Your contribution enables the Association for Asian Studies to continue offering programs and opportunities to scholars around the world. Donations may be directed to the fund of your choice; please see below for complete descriptions of each. THANK YOU for supporting the future of Asian Studies!

To direct your donation toward a committee of the AAS, please visit our Committees page.

The Association for Asian Studies is a 501(c)(3) corporation and your contributions are tax deductible to the extent allowed by law.

A Message from AAS President Christine R. Yano

Dear Colleagues:

Greetings from across the Pacific! Hawai`i may be physically isolated, but we certainly have not been spared the disruptions of our time, from pandemics to political unrest. For our Association, the disruptions began with the cancellation of the Boston conference, then continued to the shift of AAS-in-Asia to a completely virtual format. The disruptions instigated new opportunities, such as the creation of a new Digital Dialogues series, funded by the Henry Luce Foundation. One of the first sessions addressed Black Lives Matter and the self-reflections of race in our profession. Another recent session tackled the issue of “Promoting Gender Equity and Fair Practices in Asian Studies.” These have been wonderfully creative solutions to disruption as a fact of life in our new normal, and have helped us further community in substantive ways.

In the midst of such tumult, I wanted to extend a sincere thank you for the kind support that many of you have offered and contributed to our Association over the past year. This began for some with donating their conference registration fees, for others with making separate donations, and for some simply with renewing their memberships. Undoubtedly, all support is valuable and much appreciated.

The chaotic times have asked that we plan and act with ever greater intentionality arising from a combination of shrinking relative resources and expanding horizons. The AAS strives to not only remain at the forefront of Asian Studies scholarship globally, but to broaden that forefront through inclusivity. We actively seek to engage with those disciplines, fields, and individuals that represent the diversity of Asian Studies in the 21st century. That diversity includes members and would-be members whose lives and careers may be met by inequities, whether of race, nation, region, gender, sexuality, disability, or area of research. We cannot change the world, but we can extend our mantle of responsibility through a combination of values and actions. While maintaining a strong commitment to scholarship, we must ensure our commitment to responsible scholarship that sustains values of community, leadership, and equity.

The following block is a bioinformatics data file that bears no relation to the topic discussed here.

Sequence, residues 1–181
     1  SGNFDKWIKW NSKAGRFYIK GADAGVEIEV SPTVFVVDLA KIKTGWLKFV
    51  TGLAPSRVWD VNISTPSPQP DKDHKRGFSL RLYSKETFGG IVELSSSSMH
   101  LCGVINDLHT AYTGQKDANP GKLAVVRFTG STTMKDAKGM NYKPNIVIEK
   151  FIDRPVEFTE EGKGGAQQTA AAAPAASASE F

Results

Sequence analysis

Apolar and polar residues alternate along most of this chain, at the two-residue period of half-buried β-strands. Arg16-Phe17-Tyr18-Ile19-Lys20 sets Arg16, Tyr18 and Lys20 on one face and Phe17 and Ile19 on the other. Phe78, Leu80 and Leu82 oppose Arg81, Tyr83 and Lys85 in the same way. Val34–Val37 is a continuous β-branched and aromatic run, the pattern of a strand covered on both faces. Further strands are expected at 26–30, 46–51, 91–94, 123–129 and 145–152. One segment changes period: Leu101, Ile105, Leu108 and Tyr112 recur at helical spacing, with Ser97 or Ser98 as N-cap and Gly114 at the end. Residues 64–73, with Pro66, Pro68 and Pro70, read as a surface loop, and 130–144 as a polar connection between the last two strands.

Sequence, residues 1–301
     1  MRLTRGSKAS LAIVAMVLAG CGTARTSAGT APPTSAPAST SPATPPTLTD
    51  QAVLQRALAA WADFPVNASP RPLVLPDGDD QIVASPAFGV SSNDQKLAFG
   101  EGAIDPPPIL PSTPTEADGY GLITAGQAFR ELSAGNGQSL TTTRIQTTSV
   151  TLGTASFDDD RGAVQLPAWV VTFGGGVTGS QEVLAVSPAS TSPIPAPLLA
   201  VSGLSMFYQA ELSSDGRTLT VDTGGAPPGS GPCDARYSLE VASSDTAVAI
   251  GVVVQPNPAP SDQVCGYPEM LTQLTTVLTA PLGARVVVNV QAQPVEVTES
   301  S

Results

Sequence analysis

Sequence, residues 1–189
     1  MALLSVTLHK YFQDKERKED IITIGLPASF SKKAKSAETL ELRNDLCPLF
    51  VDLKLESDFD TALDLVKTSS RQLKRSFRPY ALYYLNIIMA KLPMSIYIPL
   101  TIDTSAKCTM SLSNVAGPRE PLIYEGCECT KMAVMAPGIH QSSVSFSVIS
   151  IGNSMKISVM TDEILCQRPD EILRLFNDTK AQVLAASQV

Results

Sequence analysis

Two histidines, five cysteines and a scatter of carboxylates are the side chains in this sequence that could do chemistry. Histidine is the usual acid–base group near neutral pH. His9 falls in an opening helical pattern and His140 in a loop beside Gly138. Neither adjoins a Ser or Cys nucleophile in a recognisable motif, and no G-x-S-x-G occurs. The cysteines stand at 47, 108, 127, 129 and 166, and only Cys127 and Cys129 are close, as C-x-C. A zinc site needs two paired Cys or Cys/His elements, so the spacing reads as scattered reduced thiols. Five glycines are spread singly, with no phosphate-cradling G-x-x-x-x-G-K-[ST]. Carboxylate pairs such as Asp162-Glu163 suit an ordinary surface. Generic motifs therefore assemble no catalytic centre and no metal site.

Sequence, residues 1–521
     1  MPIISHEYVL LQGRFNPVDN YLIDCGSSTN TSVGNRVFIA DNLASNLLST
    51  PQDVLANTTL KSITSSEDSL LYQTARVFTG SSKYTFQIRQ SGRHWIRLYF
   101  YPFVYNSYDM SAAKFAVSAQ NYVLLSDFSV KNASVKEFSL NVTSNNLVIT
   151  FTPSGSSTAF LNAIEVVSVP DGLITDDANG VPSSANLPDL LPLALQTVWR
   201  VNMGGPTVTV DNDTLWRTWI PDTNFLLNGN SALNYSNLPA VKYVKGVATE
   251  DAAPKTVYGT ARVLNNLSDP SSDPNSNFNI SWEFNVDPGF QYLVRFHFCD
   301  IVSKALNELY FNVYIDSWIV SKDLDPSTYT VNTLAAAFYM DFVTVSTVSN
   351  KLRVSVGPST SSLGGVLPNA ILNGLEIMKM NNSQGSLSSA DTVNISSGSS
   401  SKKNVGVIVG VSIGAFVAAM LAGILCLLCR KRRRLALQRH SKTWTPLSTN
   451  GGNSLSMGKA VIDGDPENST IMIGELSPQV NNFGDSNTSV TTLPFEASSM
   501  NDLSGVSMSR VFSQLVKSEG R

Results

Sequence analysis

Your membership dues establish your place within the organization. If nothing else, this is your organization. We establish community with each other through shared responsibility, extending our means of communication, from #AsiaNow to the Journal of Asian Studies, to regular conferences at the regional and international levels (including the bi-yearly AAS-in-Asia), to Digital Dialogues. We are fortunate to receive support from foundations who see value in our programs and help fund our initiatives. The large foundation grants are critical for our fiscal health, but we still rely on regular and sustained support from our members. In fact, individual member support is our true mainstay—not only financially, but also socially and emotionally.

Simply put, individual support enacts commitment that creates and sustains community. This is how we join together to build a more robust future for Asian Studies scholars and professionals. This is how we further our vision for a network of scholars connecting globally through a shared interest in Asia and its many homes abroad.

If you have already donated to AAS this year, thank you very much. Every gift will help AAS continue to both sustain its current programs and develop new initiatives. In many ways, these tumultuous times and shrinking resources have forced all of us to more clearly define who we are and where our values lie. As we act upon those values, it is my hope that this includes commitments to institutions that have been important to us. I have encouraged all members of the Board of Directors to gift their recent PhD students with AAS memberships. This is a win-win for the young scholars, as well as the Association, demonstrating in concrete terms the ties and responsibilities that bind us together. Please join us in this! It would be a wonderful boost of support for the organization.

If you are able to contribute beyond membership, please see below to select a fund and make a donation. No matter which fund you choose to support or how much you can donate, know that your support directly contributes to building a truly global network for Asian Studies.